Totally agree Steve. But on the other hand, we in the fifties were 'shut in classrooms' until the age of eighteen, studying hard during not terribly scintillating lessons, with minimal visual aids and a very stiff, academically challenging curriculum (grammar school) and truly, we behaved well generally speaking. Our manners were excellent (or we were caned!) and many of us loved our schooling. I had about 2-3 hours of homework each evening, and I can't remember any one of my classmates not handing theirs in. It wasn't anything resembling Dotheboys Hall, just par for the course in those days. Either teenagers are educated or they aren't, but they can't expect the process to be all ha ha hee hee. It isn't entertainment, and to learn to work hard is good for youngsters. Their parents seem to find them impossible to discipline, so what hope do their teachers have?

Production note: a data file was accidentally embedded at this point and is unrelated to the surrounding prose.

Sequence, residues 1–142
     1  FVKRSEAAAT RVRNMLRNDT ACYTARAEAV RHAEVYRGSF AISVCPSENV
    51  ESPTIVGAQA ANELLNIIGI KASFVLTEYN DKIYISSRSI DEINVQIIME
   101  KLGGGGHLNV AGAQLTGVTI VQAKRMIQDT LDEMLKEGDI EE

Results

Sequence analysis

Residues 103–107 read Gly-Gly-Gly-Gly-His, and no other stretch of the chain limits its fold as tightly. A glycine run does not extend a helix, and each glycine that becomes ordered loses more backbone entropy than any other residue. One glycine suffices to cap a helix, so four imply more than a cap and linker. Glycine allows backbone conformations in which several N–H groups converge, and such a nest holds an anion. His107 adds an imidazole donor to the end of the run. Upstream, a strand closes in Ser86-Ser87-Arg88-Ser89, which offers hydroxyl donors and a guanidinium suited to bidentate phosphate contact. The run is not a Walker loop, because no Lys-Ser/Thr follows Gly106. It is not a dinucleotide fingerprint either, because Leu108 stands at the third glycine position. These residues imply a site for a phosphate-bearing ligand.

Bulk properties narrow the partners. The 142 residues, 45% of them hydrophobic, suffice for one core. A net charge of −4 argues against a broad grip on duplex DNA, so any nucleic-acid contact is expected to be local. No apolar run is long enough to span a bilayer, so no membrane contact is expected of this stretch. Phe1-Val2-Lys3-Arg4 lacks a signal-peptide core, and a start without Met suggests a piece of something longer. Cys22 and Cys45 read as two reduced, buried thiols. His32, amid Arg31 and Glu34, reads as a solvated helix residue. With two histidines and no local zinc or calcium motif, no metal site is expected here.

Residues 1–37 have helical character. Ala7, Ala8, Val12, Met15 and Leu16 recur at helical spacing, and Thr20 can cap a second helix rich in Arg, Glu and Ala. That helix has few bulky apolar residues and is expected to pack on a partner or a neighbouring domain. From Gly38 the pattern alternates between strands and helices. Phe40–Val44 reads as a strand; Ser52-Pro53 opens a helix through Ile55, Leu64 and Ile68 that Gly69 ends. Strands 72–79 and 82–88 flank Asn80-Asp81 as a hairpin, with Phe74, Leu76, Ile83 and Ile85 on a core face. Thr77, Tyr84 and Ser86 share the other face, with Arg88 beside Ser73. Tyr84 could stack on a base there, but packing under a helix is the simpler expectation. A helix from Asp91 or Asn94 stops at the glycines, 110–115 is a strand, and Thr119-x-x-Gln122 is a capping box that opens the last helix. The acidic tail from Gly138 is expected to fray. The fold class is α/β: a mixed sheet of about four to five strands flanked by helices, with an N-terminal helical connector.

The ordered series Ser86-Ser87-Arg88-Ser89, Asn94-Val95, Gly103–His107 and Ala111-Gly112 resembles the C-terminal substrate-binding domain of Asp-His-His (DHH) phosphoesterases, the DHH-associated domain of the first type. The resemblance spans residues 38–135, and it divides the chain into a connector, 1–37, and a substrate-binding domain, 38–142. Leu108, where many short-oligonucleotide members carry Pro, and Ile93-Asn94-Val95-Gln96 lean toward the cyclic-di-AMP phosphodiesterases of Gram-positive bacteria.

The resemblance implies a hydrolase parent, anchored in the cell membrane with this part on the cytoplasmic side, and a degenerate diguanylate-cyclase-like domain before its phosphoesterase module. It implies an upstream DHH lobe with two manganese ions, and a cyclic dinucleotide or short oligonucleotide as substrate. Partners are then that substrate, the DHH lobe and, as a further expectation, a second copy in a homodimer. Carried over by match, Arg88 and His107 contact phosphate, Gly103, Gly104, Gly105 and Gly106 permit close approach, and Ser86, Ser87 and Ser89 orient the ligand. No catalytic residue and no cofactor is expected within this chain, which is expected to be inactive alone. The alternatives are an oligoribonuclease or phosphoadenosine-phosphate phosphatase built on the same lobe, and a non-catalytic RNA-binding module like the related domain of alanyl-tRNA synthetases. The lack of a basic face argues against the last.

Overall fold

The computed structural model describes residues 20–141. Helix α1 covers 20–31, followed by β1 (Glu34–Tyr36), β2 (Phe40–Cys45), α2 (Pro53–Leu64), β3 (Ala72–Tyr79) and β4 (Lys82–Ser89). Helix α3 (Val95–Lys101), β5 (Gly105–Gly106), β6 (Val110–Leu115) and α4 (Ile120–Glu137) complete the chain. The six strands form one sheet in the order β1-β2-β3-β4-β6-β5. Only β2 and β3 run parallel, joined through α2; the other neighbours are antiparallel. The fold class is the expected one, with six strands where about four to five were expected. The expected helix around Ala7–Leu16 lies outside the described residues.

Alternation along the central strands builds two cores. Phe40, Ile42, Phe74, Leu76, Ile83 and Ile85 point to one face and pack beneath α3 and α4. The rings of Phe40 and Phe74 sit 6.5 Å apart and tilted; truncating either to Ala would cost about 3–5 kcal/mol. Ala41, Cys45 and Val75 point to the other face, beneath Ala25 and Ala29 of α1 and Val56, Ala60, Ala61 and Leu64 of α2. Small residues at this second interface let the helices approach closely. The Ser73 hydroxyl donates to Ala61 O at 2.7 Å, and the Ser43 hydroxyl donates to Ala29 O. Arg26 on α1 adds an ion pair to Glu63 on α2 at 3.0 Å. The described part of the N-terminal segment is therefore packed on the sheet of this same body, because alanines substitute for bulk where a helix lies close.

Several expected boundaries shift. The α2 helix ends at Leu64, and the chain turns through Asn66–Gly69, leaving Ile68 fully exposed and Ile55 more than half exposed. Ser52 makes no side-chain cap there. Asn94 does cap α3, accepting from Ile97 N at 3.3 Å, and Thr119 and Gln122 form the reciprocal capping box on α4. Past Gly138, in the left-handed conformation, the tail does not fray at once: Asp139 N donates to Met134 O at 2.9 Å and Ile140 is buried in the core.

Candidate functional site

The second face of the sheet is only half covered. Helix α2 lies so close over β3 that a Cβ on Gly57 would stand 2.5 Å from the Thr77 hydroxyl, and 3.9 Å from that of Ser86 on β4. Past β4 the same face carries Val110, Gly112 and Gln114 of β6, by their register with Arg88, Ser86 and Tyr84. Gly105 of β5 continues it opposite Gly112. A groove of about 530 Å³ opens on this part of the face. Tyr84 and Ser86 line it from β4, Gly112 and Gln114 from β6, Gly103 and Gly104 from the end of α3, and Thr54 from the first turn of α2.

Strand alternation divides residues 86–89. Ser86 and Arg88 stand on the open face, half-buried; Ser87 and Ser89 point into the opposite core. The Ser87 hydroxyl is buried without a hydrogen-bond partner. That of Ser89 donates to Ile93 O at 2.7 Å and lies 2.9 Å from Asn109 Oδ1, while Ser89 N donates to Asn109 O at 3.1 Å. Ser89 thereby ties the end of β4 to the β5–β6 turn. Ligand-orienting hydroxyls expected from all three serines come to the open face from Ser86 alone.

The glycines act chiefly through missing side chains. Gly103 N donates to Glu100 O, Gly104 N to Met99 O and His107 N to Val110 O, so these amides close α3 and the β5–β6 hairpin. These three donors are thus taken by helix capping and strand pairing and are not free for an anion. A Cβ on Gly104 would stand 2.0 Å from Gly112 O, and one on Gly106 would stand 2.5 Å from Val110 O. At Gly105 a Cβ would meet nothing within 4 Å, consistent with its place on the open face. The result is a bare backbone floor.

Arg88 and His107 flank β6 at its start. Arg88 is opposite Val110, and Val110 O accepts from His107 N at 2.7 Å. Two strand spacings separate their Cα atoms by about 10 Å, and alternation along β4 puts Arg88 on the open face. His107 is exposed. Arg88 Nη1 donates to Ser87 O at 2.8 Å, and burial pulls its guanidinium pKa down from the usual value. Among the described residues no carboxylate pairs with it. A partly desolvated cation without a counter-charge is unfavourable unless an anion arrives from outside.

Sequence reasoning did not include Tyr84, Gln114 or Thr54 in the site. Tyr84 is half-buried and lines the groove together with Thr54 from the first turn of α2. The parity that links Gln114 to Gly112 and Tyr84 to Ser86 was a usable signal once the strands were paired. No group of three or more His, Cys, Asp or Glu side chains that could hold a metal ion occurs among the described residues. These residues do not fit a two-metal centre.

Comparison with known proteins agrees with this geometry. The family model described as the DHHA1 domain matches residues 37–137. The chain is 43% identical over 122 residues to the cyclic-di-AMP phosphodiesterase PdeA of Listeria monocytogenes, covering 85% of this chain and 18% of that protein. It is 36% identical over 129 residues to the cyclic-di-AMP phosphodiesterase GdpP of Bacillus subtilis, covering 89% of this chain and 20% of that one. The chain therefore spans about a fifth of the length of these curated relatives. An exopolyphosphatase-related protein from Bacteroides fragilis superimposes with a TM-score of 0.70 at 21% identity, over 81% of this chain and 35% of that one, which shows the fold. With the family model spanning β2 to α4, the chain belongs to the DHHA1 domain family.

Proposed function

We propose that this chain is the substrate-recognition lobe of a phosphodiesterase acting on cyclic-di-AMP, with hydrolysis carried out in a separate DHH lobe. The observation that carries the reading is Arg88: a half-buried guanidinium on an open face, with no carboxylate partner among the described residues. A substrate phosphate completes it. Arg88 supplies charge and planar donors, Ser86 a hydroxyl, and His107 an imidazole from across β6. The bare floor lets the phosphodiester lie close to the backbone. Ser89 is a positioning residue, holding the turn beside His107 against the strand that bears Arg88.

Regarding new teachers 'owing' their country for the training they've received, I had to complete two years' probation (this was the case in Scotland) and was paid a very low salary. After that, I was given £7 per week. Even then, this wasn't all that much. My father, a manager with the GPO, said his Directory Enquiry staff were paid almost twice that in London.
I wish I'd had the courage to emigrate then, maybe to New Zealand or Australia.
This country doesn't seem to encourage people to work and give of their best. My poor husband gets £6-70 per hour for his work. I think that's an insult.